The leaders of the five BRICS nations have signed a deal to launch a 100-billion U.S. dollar development bank and a currency reserve pool, with the aim of challenging Western-dominated institutions like the World Bank and the International Monetary Fund.
"This will not only help increase the voice of BRICS nations in terms of international finance, but more importantly, will bring benefits to all the people in the BRICS countries and for all people in developing countries."
The New Development Bank, announced at the sixth BRICS summit in Fortaleza, Brazil on Tuesday, will fund infrastructure projects in the founding members -- Brazil, Russia, India, China and South Africa -- as well as other developing nations.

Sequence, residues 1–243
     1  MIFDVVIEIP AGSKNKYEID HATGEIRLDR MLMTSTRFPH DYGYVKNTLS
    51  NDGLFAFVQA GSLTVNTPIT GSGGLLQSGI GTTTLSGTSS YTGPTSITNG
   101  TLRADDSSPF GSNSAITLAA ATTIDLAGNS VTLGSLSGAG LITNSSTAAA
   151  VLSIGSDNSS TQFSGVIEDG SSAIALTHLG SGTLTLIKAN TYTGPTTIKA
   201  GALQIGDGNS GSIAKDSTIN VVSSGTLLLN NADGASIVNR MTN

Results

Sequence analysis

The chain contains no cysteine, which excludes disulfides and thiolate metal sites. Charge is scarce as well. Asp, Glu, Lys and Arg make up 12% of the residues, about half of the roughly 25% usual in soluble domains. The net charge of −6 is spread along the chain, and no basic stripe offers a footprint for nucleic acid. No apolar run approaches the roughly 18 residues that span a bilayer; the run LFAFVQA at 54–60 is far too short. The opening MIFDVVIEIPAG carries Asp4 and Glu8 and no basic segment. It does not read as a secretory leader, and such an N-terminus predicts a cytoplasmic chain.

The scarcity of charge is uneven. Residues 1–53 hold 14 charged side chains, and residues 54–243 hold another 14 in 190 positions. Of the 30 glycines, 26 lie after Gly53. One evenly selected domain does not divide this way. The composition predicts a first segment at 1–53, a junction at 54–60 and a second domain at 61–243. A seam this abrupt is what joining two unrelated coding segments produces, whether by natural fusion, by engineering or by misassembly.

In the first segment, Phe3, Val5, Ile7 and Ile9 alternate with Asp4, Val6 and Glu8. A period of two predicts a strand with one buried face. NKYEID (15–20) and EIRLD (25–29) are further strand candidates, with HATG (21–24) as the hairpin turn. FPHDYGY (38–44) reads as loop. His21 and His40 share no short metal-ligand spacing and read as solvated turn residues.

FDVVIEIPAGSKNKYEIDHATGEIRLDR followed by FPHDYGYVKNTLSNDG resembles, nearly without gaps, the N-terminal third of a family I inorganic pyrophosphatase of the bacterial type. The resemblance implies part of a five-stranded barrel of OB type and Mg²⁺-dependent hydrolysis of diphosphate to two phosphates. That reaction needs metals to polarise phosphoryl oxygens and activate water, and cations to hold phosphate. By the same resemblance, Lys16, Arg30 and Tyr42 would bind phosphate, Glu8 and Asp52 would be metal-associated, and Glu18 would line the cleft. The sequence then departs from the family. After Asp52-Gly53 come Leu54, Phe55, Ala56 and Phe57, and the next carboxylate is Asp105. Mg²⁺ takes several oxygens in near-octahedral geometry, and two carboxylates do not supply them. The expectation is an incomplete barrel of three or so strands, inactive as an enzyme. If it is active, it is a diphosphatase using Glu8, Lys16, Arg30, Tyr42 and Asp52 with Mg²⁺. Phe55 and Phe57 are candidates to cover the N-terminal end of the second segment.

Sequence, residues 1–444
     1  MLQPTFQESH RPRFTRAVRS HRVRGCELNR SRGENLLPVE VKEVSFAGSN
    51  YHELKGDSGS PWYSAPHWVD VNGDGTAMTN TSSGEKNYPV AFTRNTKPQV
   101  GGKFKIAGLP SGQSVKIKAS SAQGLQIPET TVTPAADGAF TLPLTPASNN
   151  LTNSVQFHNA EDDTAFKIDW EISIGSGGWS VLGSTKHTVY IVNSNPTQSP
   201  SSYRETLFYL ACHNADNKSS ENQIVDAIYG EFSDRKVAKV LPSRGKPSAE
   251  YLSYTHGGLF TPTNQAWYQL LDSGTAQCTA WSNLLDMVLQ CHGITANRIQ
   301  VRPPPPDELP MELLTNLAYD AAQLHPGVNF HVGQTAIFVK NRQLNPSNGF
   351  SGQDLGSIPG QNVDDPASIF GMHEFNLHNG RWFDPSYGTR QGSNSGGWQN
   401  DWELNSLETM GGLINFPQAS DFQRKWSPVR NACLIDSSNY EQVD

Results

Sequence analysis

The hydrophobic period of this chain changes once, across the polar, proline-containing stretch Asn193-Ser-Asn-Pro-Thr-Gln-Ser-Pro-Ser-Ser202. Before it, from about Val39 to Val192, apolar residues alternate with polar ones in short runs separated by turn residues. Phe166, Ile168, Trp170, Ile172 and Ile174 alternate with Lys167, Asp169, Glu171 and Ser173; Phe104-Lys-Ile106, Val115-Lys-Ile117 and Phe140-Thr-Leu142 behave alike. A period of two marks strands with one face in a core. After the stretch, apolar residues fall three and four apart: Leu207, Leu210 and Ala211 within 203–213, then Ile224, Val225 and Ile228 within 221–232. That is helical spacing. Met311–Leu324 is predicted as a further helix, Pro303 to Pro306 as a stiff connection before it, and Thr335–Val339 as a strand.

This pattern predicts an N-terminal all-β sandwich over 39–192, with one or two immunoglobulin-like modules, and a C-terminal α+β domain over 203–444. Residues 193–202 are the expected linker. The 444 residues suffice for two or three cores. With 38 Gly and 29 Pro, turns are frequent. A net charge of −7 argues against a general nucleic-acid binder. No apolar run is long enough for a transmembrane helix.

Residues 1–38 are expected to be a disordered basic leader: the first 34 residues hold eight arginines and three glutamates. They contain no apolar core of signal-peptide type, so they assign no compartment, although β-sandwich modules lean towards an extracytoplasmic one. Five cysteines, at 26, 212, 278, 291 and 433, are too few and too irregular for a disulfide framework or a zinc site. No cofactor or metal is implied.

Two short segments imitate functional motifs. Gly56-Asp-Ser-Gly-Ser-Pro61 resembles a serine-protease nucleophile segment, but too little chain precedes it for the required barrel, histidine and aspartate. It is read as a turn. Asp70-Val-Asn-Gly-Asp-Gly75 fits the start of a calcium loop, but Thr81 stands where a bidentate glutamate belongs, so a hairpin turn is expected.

With its headquarters in Shanghai, and India as president the first year, the bank will start out with 50-billion dollars in capital with each BRICS country paying in an equal amount.
Total capital is expected to eventually double to 100-billion dollars.
A so-called Contingent Reserve Arrangement will also be created where each country will put in a designated amount in case of a currency crisis.
The contingency fund will amount to 100-billion dollars with China contributing 41-billion, followed by Brazil, Russia, and India putting in 18-billion each and South Africa chipping in 5 billion.
BRICS represents about 42-percent of the world's population and accounts for roughly one-fifth of the world economy.
The launch of the institution is being seen as a landmark achievement as the five countries started summit talks in 2009 to counter the influence of the West.
If everything goes according to plan, the New Development Bank will start lending in 2016.
Connie Kim, Arirang News.